One missed opportunity was a chance to examine their role in society, and to view them within the context of the political movements and social change. Instead, the exhibition presents images of royalty without a critical analysis of the impact.
This minor quibble aside, I loved the exhibition and if it wasn’t in Bendigo I’d definitely be going back to see it again as it’s a reminder of my passion and love for art and art history. This exhibition is a rare opportunity to be seeing a slice of history in our backyard and is not something to be missed if given the chance to go!
Despite several visits to our nation’s capital, this was merely the second time I’d been to visit the National Gallery of Australia (NGA). My first time visiting was in 2018 for David Hockney while on a road trip with some mates. This time though, it was for something a little more exciting (sorry avid David Hockney fans), I was there for the Monet exhibition.
Now you must’ve been living under a rock if you haven’t heard about this exhibition because it’s one of the world’s most famous artists whose work has come to our far away corner of the world. It’s so, so rare to see so many iconic, superb paintings in one room not somewhere in Europe.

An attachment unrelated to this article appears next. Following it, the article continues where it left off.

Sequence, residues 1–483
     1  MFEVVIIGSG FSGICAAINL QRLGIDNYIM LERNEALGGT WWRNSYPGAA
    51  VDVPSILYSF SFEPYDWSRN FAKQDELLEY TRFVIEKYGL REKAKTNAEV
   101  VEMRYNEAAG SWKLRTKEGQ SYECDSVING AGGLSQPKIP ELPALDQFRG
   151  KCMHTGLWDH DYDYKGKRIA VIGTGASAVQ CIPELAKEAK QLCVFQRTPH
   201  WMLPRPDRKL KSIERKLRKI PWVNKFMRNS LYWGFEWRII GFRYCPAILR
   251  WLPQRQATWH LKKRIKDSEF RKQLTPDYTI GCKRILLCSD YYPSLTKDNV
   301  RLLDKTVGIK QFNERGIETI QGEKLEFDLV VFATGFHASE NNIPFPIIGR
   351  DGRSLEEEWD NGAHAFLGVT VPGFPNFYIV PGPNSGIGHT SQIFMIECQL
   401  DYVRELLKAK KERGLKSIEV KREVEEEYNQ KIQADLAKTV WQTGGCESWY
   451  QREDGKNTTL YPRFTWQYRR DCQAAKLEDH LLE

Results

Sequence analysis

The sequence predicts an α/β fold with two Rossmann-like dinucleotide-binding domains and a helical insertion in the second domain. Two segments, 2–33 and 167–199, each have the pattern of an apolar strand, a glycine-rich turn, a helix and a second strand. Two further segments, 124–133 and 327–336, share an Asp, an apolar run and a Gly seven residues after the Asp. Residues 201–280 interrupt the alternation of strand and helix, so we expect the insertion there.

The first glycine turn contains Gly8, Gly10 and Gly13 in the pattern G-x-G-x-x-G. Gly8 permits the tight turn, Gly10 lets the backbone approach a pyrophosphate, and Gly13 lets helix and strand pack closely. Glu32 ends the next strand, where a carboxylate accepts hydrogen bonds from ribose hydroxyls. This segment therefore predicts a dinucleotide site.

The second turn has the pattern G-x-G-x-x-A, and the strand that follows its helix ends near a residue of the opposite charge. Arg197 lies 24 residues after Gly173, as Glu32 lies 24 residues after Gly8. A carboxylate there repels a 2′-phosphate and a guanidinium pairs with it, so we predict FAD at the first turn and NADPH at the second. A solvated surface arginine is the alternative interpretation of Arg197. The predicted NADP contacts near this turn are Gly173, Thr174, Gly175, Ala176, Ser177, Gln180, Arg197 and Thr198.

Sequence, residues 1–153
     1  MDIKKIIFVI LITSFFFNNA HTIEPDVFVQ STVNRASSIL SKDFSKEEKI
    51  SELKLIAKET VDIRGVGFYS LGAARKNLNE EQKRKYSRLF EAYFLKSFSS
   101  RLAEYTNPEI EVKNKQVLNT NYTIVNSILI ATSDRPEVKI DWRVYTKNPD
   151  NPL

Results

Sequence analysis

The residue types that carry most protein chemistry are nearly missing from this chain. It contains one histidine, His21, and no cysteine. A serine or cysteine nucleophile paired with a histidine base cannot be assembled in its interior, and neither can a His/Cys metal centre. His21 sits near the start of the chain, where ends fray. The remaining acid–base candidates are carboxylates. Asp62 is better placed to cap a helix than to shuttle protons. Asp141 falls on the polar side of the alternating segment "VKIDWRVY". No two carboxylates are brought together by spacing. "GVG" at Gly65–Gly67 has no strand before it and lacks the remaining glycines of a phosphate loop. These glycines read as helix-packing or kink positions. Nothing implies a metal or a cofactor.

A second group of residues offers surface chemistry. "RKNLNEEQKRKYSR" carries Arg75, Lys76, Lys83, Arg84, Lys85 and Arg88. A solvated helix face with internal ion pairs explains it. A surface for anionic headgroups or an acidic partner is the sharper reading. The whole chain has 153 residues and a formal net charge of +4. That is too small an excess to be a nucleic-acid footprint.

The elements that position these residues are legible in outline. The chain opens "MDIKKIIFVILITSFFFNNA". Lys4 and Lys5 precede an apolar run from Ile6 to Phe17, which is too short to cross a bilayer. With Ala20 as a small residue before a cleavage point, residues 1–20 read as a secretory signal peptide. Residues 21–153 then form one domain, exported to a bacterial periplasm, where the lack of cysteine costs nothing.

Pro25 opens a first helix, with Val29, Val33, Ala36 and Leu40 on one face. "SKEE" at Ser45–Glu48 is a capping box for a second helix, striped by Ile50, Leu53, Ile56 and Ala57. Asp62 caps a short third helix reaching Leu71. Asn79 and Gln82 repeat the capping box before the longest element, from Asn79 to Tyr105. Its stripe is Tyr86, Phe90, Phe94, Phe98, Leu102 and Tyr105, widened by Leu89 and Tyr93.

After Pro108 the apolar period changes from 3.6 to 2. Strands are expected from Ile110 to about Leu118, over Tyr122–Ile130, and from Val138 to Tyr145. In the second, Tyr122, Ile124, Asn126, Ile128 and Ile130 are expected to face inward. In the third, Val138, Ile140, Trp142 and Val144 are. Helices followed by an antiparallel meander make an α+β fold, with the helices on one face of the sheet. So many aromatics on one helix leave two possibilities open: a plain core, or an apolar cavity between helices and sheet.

I was excited and amazed to hear that perhaps his most famous work, ‘Impression: Sunrise’ was going to be the main focus of the exhibit. As one of the most important, if not, the defining work of art from the Impressionism era, the title of the painting is its namesake, I knew this opportunity wasn’t going to come around again.
And it did not disappoint.
Walking into the first room there was a J.M.W. Turner painting, in fact, there wasn’t just one, there were several. My mind exploded right then and there at that moment. To be honest, I was more excited that I saw several works by the Romantic master Turner than I was by the Monet paintings as his pieces are some of my favourites.
As I stood in awe of what I was beholding, people just walked by not noticing or viewing what was in front of them. A! Turner! Painting! After careful consideration, I realised two things: people really just do come for the one main famous painting they see in the ads and secondly, not every artist’s work is to everyone’s taste. And that’s ok. Art is a very personal thing. It’s ok not to like everything, but as an Art History student, I struggle to comprehend that.
This is another fantastic display of how the Australian art scene is thriving with international exhibits for people unable to hop on over to Europe. Art shouldn’t be just for the lucky ones living or holidaying in Europe or America where the most famous pieces are on display. We’re extremely lucky that curators working in our galleries are able to get these works flown over for us to enjoy. So if you’re an art history nerd like myself, the exhibition is definitely worth the money to fly up and see. It’s not every day you get to see Monet and Turner’s paintings!
Photo: Impression, Sunrise By Claude Monet available HERE and used under a Creative Commons Attribution. The image has not been modified.